Every December I go through hoops decorating the house for Christmas.
As the kids and I teetered on a ladder Thursday evening putting up Christmas lights on our front entrance, Jacob and I both looked at each other and asked, “Why?”
Do you know why?
Jacob and I shook our heads and laughed a little, holding the garland as Tyler wobbled up on the top of the ladder. I shuddered; it was my direction to do all of this crazy.
Don’t worry though, I had him put on his bike helmet in case he fell and tumbled all the way down the marble stairs. Thank heavens I was on top of things!
It felt like a Clark Griswold Christmas as we wrapped garland and lights, messed it up and then did it over again. We ran around looking to make sure that all of the candles were lit in the windows, a maze of wires running through the attic, frustrated with that one candle that wouldn’t turn on.
On Friday night and Saturday, we decorated the inside of the house.
We have two Christmas trees. By the time we got them both in, it looked like a bomb went off in the house — furniture all over, pine needles, water from the wet trees and miscellaneous debris that the trees seemed to shed. Seriously. What a mess!
For two hours it seemed that all we saw of Tyler were his feet as he laid underneath each tree, shimming it up so it wouldn’t fall.
And somehow it seems that no matter what the tree base is that you have, it never works very well. It’s either too small, too big, the screw’s break off at the most in-opportune time, or the thing is not wide enough to hold the tree’s trunk, and you are messing with it every step of the way.
Why do we do this again?
Jacob and I took turns holding the trunk, lifting and turning, pushing and pulling. Sam was bored as he looked on, yet ready to run when we asked him to go grab one more zippy tie or screw or small piece of wood. It’s a good thing I have a fleet of children to help with these projects. We even pulled in my “4th son” Henry to help out a bit.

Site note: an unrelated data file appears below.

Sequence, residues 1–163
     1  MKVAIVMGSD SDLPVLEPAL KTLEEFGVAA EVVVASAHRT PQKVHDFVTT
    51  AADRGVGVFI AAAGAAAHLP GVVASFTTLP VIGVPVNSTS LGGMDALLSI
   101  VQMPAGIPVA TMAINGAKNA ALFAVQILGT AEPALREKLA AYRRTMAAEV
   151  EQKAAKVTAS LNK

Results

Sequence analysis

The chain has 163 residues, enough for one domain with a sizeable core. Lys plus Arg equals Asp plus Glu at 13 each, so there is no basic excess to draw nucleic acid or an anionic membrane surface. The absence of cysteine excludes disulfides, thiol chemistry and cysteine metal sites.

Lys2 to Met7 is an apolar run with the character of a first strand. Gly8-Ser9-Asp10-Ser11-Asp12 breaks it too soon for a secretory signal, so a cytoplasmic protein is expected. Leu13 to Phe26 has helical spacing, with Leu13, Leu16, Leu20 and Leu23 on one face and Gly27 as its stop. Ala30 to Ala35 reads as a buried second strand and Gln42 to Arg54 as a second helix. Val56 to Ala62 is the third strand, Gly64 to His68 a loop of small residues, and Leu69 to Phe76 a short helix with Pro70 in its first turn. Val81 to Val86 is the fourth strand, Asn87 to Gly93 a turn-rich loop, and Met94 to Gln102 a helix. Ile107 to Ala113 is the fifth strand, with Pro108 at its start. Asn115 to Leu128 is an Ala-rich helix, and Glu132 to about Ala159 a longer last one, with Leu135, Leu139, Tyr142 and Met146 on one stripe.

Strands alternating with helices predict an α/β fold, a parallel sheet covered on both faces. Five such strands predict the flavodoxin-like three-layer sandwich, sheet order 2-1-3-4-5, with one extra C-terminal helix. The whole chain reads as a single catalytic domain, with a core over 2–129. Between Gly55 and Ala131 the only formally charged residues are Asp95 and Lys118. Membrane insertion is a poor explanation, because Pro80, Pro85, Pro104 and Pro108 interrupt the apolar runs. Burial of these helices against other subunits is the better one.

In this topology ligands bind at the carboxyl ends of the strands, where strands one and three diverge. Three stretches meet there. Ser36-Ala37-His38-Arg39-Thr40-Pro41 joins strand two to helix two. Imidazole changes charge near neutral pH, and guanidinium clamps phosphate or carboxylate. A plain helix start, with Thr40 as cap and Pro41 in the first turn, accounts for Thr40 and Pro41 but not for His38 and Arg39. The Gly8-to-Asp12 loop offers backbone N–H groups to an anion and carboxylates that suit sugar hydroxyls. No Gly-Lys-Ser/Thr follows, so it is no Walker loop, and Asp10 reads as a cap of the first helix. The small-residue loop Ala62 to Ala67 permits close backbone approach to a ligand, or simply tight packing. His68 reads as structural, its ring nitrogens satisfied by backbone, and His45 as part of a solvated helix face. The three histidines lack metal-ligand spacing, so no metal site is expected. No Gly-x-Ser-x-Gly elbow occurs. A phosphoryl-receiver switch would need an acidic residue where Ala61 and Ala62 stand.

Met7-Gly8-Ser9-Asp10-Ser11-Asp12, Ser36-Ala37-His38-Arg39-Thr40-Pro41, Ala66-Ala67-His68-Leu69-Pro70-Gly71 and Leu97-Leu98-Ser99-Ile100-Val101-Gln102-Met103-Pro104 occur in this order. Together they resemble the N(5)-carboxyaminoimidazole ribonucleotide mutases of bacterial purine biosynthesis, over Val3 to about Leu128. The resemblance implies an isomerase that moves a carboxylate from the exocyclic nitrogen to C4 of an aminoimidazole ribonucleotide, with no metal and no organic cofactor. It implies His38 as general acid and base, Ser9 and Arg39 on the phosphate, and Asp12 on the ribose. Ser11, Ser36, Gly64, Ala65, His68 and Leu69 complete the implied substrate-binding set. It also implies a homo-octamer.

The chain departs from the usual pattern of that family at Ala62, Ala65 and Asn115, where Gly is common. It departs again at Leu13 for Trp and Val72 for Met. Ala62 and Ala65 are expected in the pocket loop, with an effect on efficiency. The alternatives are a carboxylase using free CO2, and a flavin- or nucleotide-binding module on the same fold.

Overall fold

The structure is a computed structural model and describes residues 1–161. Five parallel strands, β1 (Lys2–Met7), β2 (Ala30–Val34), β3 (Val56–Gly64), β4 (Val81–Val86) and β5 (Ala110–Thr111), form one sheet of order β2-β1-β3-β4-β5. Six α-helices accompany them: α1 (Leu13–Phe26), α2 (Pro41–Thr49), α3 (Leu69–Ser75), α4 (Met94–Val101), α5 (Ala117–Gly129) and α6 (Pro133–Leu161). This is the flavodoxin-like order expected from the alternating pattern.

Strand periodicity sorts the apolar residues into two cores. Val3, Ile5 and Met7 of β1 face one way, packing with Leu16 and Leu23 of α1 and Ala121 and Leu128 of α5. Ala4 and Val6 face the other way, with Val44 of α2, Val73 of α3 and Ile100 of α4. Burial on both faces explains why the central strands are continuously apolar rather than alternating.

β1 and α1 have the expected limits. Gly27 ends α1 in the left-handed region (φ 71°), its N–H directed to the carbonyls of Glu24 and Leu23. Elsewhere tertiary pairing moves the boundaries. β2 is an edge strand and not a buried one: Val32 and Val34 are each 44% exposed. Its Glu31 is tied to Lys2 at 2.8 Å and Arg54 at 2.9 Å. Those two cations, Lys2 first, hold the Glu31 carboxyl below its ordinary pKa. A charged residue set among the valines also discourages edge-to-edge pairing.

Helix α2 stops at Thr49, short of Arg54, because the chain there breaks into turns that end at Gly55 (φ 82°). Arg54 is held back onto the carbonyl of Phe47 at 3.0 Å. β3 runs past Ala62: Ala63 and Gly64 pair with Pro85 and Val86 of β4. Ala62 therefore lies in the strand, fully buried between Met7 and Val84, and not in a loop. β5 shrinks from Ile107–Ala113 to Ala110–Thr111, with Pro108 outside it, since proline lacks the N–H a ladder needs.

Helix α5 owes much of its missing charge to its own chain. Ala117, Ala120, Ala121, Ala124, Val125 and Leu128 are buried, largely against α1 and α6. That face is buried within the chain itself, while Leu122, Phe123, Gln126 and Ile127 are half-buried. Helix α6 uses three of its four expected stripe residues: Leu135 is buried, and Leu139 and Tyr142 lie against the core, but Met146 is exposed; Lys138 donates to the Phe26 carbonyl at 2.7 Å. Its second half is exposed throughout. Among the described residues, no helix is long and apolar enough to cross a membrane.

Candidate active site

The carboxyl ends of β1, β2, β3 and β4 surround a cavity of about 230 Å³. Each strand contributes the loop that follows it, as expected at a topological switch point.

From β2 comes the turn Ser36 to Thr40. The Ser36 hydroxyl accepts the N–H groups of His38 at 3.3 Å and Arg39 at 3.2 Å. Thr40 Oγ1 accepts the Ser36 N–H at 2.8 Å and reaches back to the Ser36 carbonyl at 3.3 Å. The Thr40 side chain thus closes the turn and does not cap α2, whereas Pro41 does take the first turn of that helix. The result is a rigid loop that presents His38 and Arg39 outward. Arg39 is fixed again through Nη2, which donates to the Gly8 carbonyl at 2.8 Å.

What’s funny is that Henry is Jewish. As he explained to Sam, it doesn’t take very long to put up a Menorah — 2 minutes … maybe?
There were totes filled with Christmas decorations everywhere, lamps moved off of pianos, furniture rearranged to accommodate the trees, and extension cords running everywhere to deal with the extra electricity load required for window lights and trees.
Saturday morning, as I stood in the middle of all the chaos, I once again asked myself, “Why?”
As I sit here now, writing, the trees are lit, and a warm light spreads through my house. Things are put back together, and order has been restored.
The Department 56 Village is set up. I think of simplicity when I gaze into the miniature-ness of it all. White snow, warm lights, singing carolers.
Did the people who live in the little New England Village houses run around and decorate like their hair was on fire like I do?
The kids stockings are hung by the fireplace, the white candles are in the windows, and my house feels cozy.
I remember the way it was when I was a child. For a moment, I forget that I am 45. I am safe and warm in my parents house. How exciting it was to lay in bed Christmas Eve, brimming with excitement at the thought of Christmas morning and what might be under the tree. It was magical.
Now, I make Christmas for my children. I set the stage with decorating. I set the tone with my attitude.
The way my parents did. The way my kids will, and then their children. It’s the tradition.
For a brief moment in time, when we are little, there is magic, and we believe.
And that is why.